What Is Photosynthesis? Photosynthesis is an endergonic (∆G kcal/mol) reaction in which carbon dioxide and hydrogen (derived from water) are fused to make glucose (C 6 H 12 O 6 ). To power this reaction, radiant energy from the sun excites electrons in pigments. The boost in energy is used to recharge ATP, which is used to “pay” for the synthesis of glucose. 6CO 2 + 6H 2 O + light ---- C 6 H 12 O 6 + 6O 2
How Does The Form Of Autotrophs Allow For The Function of Photosynthesis?
Wavelength and Energy Wavelength of electromagnetic radiation (λ) is inversely related to the amount of energy it possesses
Accessory Pigments Accessory pigments absorb the other wavelengths of light not absorbed by chlorophyll (GBIV) The excited electrons of the accessory pigments are passed on to chlorophyll, exciting its electrons Examples: –Beta Carotene (reflects orange) –Anthocyanin (reflects red) –Xanthophyll (reflects yellow)
Why don’t most plants have pigments that reflect the color blue?
BIV Absorption Blue, indigo and violet have the shortest wavelengths Shortest wavelengths produce the greatest excitation of electrons More excited electrons = more ATP Plants can’t afford NOT to absorb blue
If red is low energy light, why do almost all pigments absorb it?
RED LIGHT If light is not immediately absorbed by the chloroplast, it is reflected by other objects in the environment When light “bounces back”, it does so at a longer wavelength (red) The amount of reflected red light is plentiful Excessive absorption would also cause plant to overheat and lose water
LAB: Identification of Photosynthetic Pigments via Paper Chromatography Purpose: – To isolate and view the various photosynthetic pigments present in several different types of leaves. –To determine if said photosynthetic pigments are unique to each species or if common pigment molecules are shared between species Method: Paper chromatography
Paper Chromatography Pigments are removed from leaf tissue using a non-polar solvent Pigment extract is applied to a paper chromatogram and a solvent is passed through the paper The pigments dissolve into the solvent and move up the chromatogram using adhesion and capillary action Based upon their size, weight and polarity, different molecules move different distances up a paper chromatogram
R f Values & Pigment Identification As each unique pigment molecule has different size, weight and polarity, each pigment moves a different % of the total distance on the chromatogram. This % of the chromatogram traveled by the pigment is its Rate of Flow (R f ). Unknown pigments can be identified or known pigments compared by using this value.
Hypothesis How will the pigments in three species of leaves differ (or will they)? Do all species have their own unique pigments or are they shared across species? –Spinichia oleracea –Daucus carota –Brassica cephalacea Will there be a difference between the chromatograms of pigments derived from fresh vs. canned S. oleracea?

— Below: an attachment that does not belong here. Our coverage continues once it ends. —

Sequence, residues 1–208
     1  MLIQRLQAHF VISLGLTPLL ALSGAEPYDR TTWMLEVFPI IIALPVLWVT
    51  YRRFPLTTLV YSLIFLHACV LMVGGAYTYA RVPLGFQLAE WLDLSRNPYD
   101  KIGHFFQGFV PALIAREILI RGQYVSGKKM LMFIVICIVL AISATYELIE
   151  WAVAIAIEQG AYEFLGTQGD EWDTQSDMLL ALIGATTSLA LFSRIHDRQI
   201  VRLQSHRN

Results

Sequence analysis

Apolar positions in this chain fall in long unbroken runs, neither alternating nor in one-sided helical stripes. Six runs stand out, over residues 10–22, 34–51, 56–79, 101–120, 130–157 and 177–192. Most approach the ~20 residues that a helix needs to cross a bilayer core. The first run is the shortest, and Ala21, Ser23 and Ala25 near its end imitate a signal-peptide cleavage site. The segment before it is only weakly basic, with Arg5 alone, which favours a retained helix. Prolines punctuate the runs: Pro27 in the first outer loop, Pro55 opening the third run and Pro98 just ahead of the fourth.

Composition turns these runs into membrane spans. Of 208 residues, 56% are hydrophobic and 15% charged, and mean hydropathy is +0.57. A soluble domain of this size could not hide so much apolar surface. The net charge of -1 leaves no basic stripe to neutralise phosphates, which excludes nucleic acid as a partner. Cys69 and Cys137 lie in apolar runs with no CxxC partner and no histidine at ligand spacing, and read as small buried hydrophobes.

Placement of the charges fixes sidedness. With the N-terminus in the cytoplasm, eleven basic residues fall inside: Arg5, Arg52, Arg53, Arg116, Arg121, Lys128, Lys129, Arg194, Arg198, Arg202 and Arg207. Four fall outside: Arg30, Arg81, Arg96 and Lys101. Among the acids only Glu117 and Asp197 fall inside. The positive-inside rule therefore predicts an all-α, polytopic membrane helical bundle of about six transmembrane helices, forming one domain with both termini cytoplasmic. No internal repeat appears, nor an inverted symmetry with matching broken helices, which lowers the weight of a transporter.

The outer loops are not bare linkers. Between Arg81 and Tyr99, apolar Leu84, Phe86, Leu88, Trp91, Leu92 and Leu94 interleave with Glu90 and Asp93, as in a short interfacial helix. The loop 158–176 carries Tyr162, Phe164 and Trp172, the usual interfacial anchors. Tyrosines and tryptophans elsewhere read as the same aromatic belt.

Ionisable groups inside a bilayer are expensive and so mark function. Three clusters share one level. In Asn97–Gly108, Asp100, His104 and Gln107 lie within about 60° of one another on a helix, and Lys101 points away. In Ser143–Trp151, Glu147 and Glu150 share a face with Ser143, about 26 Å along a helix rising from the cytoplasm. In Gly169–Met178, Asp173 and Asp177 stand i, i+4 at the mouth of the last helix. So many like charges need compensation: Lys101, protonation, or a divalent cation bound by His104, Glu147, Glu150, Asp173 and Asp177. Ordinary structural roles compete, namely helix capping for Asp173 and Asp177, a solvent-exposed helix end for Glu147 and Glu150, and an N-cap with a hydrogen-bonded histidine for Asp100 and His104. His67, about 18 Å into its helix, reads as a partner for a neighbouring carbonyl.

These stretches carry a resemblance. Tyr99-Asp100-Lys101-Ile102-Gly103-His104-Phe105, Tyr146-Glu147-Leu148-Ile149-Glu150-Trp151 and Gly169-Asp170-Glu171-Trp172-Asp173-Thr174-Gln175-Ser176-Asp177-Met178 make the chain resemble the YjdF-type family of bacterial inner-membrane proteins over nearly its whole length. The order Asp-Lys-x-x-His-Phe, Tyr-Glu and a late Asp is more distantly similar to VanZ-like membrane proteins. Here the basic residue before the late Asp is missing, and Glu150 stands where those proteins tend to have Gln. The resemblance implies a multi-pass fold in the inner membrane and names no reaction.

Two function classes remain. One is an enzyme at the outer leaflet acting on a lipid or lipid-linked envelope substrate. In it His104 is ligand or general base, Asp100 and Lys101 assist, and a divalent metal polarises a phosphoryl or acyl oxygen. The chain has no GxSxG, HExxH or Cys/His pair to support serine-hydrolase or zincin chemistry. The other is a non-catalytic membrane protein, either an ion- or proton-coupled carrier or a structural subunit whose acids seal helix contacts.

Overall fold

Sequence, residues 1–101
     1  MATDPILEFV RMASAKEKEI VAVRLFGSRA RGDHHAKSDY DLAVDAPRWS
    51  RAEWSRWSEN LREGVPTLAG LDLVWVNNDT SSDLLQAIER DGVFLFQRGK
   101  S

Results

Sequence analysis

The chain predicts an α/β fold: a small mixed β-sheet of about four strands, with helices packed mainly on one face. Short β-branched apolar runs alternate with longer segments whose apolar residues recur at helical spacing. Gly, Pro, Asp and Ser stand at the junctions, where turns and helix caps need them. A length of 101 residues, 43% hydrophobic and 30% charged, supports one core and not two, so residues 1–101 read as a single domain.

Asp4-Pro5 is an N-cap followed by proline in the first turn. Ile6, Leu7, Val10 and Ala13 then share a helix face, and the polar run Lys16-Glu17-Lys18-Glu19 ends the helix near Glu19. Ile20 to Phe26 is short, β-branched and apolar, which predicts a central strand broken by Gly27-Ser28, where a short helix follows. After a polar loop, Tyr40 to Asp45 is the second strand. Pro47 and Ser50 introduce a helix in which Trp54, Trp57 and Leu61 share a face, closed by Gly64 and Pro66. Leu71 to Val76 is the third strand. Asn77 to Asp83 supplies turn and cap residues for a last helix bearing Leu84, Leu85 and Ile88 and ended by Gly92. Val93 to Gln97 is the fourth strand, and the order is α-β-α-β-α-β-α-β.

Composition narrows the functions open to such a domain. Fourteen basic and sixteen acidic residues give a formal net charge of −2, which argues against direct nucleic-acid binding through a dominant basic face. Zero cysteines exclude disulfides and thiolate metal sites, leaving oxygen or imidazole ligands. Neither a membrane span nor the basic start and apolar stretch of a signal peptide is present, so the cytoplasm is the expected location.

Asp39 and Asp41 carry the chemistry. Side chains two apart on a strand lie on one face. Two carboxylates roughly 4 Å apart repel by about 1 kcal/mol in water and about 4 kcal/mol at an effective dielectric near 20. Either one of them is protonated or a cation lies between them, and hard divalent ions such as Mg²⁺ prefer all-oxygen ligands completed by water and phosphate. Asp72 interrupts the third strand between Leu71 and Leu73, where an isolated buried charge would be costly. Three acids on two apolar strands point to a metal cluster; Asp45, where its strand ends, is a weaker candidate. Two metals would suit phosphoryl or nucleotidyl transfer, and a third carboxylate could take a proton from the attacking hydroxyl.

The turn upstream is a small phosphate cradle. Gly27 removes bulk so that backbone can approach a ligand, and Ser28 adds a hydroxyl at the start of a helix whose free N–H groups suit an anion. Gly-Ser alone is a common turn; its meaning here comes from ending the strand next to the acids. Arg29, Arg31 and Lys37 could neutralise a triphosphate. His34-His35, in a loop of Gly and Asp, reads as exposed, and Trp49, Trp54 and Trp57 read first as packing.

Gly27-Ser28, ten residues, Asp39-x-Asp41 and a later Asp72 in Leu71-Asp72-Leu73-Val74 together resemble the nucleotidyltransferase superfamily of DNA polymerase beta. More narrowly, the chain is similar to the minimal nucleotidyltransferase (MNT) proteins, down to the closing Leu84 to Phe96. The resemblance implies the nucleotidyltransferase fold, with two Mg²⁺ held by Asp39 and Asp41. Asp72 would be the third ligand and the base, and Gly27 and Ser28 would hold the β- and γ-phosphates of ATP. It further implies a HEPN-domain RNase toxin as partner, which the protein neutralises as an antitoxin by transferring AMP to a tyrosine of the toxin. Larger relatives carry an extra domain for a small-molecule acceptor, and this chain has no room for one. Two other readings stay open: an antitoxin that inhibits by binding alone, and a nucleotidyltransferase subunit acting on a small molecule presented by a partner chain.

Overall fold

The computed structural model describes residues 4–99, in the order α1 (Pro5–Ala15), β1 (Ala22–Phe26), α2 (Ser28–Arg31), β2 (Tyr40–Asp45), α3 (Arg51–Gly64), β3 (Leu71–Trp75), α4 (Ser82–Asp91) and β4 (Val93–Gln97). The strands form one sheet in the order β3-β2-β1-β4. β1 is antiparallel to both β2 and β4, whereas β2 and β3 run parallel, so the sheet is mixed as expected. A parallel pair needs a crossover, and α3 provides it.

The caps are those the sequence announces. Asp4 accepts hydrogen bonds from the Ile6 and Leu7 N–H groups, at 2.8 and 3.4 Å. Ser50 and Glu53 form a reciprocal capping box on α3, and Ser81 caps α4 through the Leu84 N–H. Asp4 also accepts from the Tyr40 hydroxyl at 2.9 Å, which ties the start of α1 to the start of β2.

Steps 1-5: Isolation of Pigments Put on goggles and aprons Each member of your group will work with a different species/preparation –Spinichia oleracea (fresh) –Spinichia oleracea (canned) –Daucus carota –Brassica acephalea Obtain 0.5g of leaf tissue and 0.5g of MgSO 4 and grind in mortar & pestle (no sand) Add powder to small test tube with 2mL acetone solvent (A). Stopper, shake and let stand for 5-10 min.
Steps 6-10: Preparation of Chromatogram Fill the chromatography chamber (large tube) to depth of 0.5cm with chromatography solvent (CS) Each member should obtain a blank chromatogram Mark a pencil line 1cm from the bottom and cut bottom to a point Dip a fresh capillary tube into the small test tube of pigment extract and transfer to the 1cm line of the chromatogram. Let dry and repeat. Using a paperclip, hang the chromatogram in the chamber with the tip of the chromatogram immersed in the solvent. DO NOT PLACE THE PIGMENTS DIRECTLY IN THE SOLVENT! Let stand for min
Steps 11-12: Marking the Chromatogram Remove the chromatogram from the chamber, dispose of the solvent into the waste container. Mark the furthest point the solvent traveled immediately (this is the solvent front) Identify each of the pigment bands and calculate the R f value for each band using the formula in your lab
Photosynthesis Is Comprised Of Two Main Metabolic Pathways PHOTOLYSIS aka The Light Dependent Reactions Occurs in grana of chloroplast Depend upon light energy to accelerate electrons of pigments ATP is produced to power 2 nd set of reactions Water replaces electrons lost by chlorophyll. This causes water to split, releasing oxygen gas. Leftover hydrogen is used to build glucose THE CALVIN CYCLE aka The Light Independent/Dark Reactions Occurs in stroma Do not require light Using the ATP from the photolysis, the Calvin Cycle “fixes” Carbon Dioxide by combining it with hydrogen to make glucose